In praise of Republican heresy, even if limited (the heresy AND the praise)

rand_paul_close_ap_img_0    In an interview Wednesday, GOP presidential candidate Rand Paul blamed the rise of ISIS on “the hawks in our party” who pushed for American intervention and arms shipments to the region. “They created these people,” Paul said. “Everything that they’ve talked about in foreign policy, they’ve been wrong about for 20 years, and yet they have somehow the gall to keep saying and pointing fingers otherwise.”

That accusation did not go over well, at least not in establishment Republican circles. Former Bush press secretary Dana Perino delivered the verdict succinctly on Fox News, saying that the remark shows that Paul is “completely out of touch with Republican voters.”

That’s probably true. However, it’s also part of an intriguing trend going into the 2016 primary season in which at least some GOP hopefuls have dared to challenge party dogma in a party that treats dogma very seriously.

images-3This week in Atlanta, for example, Gov. John Kasich was asked at a GOP gathering about his decision to expand Medicaid in his home state of Ohio, in defiance of his party’s absolutist position to block ObamaCare at every turn, with any means available. As he has in the past, Kasich defended the move in terms of government responsibility to help those unable to help themselves.

“My choice in that decision was to ignore some of the most vulnerable people in our population,” the likely presidential candidate told his fellow Republicans. “I’ve been criticized for this decision. Do you think it bothers me? It doesn’t.”

Lindsey-Graham-AP
Then there’s Sen. Lindsey Graham of South Carolina, one of those GOP hawks whom Paul lambasted, and justifiably so, for pushing an interventionist foreign policy that has made the world more dangerous. Graham too is willing to commit heresy, in his case on the topics of manmade climate change and particularly immigration reform. If the Republican Party continues on its hardline course on immigration, he warns, “We’ll lose.”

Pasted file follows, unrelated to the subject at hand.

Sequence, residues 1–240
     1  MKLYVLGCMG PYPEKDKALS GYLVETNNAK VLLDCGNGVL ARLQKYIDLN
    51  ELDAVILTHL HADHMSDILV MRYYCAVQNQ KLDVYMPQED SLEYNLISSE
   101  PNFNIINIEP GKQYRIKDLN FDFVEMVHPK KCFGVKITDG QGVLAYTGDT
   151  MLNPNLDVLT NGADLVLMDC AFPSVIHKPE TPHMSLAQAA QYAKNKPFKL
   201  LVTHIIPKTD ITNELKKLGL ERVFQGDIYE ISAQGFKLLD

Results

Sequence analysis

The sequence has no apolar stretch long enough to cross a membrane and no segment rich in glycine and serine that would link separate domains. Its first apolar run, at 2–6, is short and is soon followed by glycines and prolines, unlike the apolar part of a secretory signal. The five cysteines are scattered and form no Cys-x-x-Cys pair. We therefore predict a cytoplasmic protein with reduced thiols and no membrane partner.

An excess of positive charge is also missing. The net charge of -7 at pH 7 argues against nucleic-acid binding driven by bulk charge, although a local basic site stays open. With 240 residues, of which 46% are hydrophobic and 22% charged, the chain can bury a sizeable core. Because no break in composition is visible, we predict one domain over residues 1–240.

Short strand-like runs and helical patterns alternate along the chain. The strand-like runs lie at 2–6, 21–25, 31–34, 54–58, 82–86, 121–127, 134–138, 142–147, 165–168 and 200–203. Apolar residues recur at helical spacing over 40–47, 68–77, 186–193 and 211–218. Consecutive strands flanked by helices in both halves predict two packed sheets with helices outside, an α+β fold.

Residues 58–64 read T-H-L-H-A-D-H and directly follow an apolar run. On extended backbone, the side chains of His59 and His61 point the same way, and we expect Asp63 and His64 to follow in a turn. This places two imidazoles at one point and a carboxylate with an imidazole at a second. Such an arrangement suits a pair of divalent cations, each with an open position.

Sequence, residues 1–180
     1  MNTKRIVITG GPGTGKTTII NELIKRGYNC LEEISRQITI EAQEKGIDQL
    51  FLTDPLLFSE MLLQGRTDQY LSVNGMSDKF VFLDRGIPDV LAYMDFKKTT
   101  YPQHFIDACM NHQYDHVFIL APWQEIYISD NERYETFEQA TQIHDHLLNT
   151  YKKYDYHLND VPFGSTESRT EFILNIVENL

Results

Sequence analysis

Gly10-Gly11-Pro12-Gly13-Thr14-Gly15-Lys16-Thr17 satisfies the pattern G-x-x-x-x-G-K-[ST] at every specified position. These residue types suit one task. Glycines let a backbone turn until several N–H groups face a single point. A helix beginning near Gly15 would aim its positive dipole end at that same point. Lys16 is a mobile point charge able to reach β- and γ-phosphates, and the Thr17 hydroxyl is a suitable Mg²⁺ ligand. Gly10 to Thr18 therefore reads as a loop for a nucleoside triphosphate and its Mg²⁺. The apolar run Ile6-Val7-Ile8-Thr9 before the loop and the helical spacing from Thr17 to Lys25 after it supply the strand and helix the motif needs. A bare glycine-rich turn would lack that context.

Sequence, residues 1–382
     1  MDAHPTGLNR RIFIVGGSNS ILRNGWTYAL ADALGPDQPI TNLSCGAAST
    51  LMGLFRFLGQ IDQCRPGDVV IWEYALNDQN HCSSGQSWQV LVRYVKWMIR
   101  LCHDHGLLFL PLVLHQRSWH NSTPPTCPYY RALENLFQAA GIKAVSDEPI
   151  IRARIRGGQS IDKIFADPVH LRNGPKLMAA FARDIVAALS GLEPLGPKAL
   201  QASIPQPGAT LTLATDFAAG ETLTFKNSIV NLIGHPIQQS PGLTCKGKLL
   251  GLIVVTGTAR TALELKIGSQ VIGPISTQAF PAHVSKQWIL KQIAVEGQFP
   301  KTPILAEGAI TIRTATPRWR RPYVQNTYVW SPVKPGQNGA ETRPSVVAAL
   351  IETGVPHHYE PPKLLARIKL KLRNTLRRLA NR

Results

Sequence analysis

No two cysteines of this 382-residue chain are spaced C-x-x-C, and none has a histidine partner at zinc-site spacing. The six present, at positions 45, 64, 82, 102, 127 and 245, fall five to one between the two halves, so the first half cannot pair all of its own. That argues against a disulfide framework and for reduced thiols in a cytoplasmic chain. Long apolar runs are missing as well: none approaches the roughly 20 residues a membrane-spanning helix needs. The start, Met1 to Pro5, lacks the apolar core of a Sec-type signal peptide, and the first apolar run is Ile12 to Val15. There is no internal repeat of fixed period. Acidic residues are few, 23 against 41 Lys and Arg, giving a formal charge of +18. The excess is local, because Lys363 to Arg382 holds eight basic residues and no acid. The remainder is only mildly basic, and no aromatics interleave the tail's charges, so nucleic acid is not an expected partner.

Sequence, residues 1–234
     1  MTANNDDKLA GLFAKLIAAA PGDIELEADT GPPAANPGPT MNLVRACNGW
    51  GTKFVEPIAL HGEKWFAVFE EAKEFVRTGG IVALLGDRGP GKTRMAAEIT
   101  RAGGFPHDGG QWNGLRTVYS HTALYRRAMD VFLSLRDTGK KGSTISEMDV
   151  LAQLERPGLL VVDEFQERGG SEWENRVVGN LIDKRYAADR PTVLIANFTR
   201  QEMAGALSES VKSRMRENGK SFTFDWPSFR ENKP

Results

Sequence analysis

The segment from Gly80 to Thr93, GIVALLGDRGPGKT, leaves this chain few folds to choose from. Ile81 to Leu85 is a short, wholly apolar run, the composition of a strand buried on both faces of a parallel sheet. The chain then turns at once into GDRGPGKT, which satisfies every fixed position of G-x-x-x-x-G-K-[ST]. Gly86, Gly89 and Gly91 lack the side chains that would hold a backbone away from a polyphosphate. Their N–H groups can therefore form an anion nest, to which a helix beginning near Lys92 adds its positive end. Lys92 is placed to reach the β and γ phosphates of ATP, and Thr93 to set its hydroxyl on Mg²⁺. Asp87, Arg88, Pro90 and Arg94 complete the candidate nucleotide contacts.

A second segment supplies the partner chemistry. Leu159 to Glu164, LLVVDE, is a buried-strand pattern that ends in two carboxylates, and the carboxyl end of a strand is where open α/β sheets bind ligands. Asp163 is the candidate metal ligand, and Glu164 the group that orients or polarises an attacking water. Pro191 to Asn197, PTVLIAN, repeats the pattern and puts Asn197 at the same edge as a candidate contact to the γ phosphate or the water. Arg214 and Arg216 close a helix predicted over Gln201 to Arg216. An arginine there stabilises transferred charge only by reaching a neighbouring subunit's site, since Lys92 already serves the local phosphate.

“If I were president of the United States, I would veto any bill that did not have a pathway to citizenship,” Graham said recently. “You would have a long, hard path to citizenship … but I want to create that path because I don’t like the idea of millions of people living in America for the rest of their lives being the hired help. That’s not who we are.”

images-2On economic issues, we have Mike Huckabee. The former evangelical preacher has attacked his party’s proposals to “reform” Medicare and Social Security, saying “it’s not just no, it’s you-know-what no.” Such proposals are “disastrous, not only politically but I think they would be disastrous in terms of further breaking the trust between the government and its people.”

images-1Did I mention Jeb Bush? I did not. He continues to defend Common Core, even if he has backed down a bit on how he expresses that support. (You won’t find him saying, as he did last year, that “(Education) Secretary (Arne) Duncan and President Obama deserve credit for pushing—for putting pressure on states to change . . . they’re providing carrots and sticks and I think that’s appropriate.” And Bush too argues in favor of a path to citizenship, defending his stance as an act of leadership.

“Do you want people to bend with the wind, to mirror people’s sentiment whoever is in front of you?” Bush asks. “‘Oh, yes, I used to be for that, but now, I’m for this’. Is that the way we want to elect presidents?”

That’s a damn fine question, and it’s pretty clear where Bush was aiming it. His one-time disciple Marco Rubio had once dared to venture outside the fence in championing comprehensive immigration reform, before skittering back into conformity. Gov. Scott Walker of Wisconsin had once supported a pathway to citizenship but he too has reversed course, claiming that it didn’t amount to a flip flop since he hadn’t actually cast a vote in favor of a citizenship path.

I’m not sure how all of this is going to play out, or what it might mean. Taken collectively, can these challenges break the Republican Party out of the ideological ghetto that it has constructed for itself?  Maybe, but it’s hard to ignore the fate of Texas Gov. Rick Perry, the 2012 frontrunner until he said in a GOP debate that “I don’t think you have a heart” if you deny in-state tuition to children of illegal immigrants.

Perry’s opponents pounced, all but pointing their collective fingers at him and hissing, and thus began Perry’s collapse.  You can bet that in the coming debates, moderators and opponents alike will be focusing on those who have strayed from the party line, demanding an explanation.